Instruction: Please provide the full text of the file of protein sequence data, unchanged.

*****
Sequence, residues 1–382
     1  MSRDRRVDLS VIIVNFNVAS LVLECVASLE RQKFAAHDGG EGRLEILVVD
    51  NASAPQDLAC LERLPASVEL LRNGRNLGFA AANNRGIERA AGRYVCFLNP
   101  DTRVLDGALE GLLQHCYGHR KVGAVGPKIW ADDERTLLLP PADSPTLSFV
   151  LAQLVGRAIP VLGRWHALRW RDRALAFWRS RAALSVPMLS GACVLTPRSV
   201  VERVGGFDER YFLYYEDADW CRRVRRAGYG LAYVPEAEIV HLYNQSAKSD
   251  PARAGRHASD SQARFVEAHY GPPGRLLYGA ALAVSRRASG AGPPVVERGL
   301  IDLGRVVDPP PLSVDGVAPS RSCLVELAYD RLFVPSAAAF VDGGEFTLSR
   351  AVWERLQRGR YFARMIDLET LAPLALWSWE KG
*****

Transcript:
Sequence, residues 1–382
     1  MSRDRRVDLS VIIVNFNVAS LVLECVASLE RQKFAAHDGG EGRLEILVVD
    51  NASAPQDLAC LERLPASVEL LRNGRNLGFA AANNRGIERA AGRYVCFLNP
   101  DTRVLDGALE GLLQHCYGHR KVGAVGPKIW ADDERTLLLP PADSPTLSFV
   151  LAQLVGRAIP VLGRWHALRW RDRALAFWRS RAALSVPMLS GACVLTPRSV
   201  VERVGGFDER YFLYYEDADW CRRVRRAGYG LAYVPEAEIV HLYNQSAKSD
   251  PARAGRHASD SQARFVEAHY GPPGRLLYGA ALAVSRRASG AGPPVVERGL
   301  IDLGRVVDPP PLSVDGVAPS RSCLVELAYD RLFVPSAAAF VDGGEFTLSR
   351  AVWERLQRGR YFARMIDLET LAPLALWSWE KG